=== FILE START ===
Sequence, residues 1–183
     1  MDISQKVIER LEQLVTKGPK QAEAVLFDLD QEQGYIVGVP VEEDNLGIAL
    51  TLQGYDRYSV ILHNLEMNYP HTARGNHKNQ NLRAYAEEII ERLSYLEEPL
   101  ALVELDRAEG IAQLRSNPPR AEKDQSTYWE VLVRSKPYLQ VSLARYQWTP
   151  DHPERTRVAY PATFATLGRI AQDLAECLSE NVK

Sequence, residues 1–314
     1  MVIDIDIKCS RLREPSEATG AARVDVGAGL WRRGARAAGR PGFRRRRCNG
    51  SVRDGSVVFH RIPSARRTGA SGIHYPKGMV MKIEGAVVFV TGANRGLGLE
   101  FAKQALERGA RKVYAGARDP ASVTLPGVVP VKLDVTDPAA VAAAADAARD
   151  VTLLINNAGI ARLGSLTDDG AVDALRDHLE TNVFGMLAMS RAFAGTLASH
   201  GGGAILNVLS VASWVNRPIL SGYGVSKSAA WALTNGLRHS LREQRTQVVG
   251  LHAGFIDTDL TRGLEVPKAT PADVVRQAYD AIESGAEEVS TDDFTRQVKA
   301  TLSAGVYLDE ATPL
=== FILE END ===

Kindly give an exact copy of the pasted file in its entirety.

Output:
Sequence, residues 1–183
     1  MDISQKVIER LEQLVTKGPK QAEAVLFDLD QEQGYIVGVP VEEDNLGIAL
    51  TLQGYDRYSV ILHNLEMNYP HTARGNHKNQ NLRAYAEEII ERLSYLEEPL
   101  ALVELDRAEG IAQLRSNPPR AEKDQSTYWE VLVRSKPYLQ VSLARYQWTP
   151  DHPERTRVAY PATFATLGRI AQDLAECLSE NVK

Sequence, residues 1–314
     1  MVIDIDIKCS RLREPSEATG AARVDVGAGL WRRGARAAGR PGFRRRRCNG
    51  SVRDGSVVFH RIPSARRTGA SGIHYPKGMV MKIEGAVVFV TGANRGLGLE
   101  FAKQALERGA RKVYAGARDP ASVTLPGVVP VKLDVTDPAA VAAAADAARD
   151  VTLLINNAGI ARLGSLTDDG AVDALRDHLE TNVFGMLAMS RAFAGTLASH
   201  GGGAILNVLS VASWVNRPIL SGYGVSKSAA WALTNGLRHS LREQRTQVVG
   251  LHAGFIDTDL TRGLEVPKAT PADVVRQAYD AIESGAEEVS TDDFTRQVKA
   301  TLSAGVYLDE ATPL